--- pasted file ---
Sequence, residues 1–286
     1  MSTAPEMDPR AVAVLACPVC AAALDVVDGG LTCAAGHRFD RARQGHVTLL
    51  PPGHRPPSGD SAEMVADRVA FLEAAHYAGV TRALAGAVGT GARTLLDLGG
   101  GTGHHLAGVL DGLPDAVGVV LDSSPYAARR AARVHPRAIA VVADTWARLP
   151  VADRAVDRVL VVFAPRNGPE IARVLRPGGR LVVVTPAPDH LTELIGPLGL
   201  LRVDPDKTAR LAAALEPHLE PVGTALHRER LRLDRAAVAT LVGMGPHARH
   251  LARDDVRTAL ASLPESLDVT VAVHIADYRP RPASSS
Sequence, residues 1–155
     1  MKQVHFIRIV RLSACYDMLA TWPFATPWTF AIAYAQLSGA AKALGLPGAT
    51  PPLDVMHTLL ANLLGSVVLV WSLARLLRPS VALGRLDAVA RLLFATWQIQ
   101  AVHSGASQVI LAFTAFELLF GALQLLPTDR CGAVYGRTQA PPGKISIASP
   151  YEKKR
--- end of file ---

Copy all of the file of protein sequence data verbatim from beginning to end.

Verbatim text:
Sequence, residues 1–286
     1  MSTAPEMDPR AVAVLACPVC AAALDVVDGG LTCAAGHRFD RARQGHVTLL
    51  PPGHRPPSGD SAEMVADRVA FLEAAHYAGV TRALAGAVGT GARTLLDLGG
   101  GTGHHLAGVL DGLPDAVGVV LDSSPYAARR AARVHPRAIA VVADTWARLP
   151  VADRAVDRVL VVFAPRNGPE IARVLRPGGR LVVVTPAPDH LTELIGPLGL
   201  LRVDPDKTAR LAAALEPHLE PVGTALHRER LRLDRAAVAT LVGMGPHARH
   251  LARDDVRTAL ASLPESLDVT VAVHIADYRP RPASSS
Sequence, residues 1–155
     1  MKQVHFIRIV RLSACYDMLA TWPFATPWTF AIAYAQLSGA AKALGLPGAT
    51  PPLDVMHTLL ANLLGSVVLV WSLARLLRPS VALGRLDAVA RLLFATWQIQ
   101  AVHSGASQVI LAFTAFELLF GALQLLPTDR CGAVYGRTQA PPGKISIASP
   151  YEKKR